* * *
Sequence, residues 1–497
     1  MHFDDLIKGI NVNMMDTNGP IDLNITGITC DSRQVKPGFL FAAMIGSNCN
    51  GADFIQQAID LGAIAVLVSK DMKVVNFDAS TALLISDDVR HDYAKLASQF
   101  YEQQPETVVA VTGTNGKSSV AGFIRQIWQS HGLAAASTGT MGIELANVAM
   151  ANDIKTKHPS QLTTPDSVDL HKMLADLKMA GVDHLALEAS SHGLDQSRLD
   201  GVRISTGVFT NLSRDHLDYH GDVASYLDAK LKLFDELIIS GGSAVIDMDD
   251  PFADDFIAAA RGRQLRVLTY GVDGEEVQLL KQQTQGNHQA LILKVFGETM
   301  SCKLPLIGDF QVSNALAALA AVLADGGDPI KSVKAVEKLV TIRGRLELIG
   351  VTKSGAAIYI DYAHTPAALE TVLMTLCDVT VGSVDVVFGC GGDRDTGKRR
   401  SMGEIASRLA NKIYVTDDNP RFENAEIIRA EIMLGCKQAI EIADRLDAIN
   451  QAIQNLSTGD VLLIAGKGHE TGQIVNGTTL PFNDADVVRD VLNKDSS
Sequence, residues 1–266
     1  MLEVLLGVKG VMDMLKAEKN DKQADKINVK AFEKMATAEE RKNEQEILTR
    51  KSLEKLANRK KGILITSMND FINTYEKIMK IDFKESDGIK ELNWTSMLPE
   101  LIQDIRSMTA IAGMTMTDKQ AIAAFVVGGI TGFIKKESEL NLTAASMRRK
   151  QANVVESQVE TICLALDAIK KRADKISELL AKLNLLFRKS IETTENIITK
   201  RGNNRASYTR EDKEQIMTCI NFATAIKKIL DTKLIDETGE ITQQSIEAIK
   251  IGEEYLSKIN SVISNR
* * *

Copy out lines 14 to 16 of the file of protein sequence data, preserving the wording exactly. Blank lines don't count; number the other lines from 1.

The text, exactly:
    51  KSLEKLANRK KGILITSMND FINTYEKIMK IDFKESDGIK ELNWTSMLPE
   101  LIQDIRSMTA IAGMTMTDKQ AIAAFVVGGI TGFIKKESEL NLTAASMRRK
   151  QANVVESQVE TICLALDAIK KRADKISELL AKLNLLFRKS IETTENIITK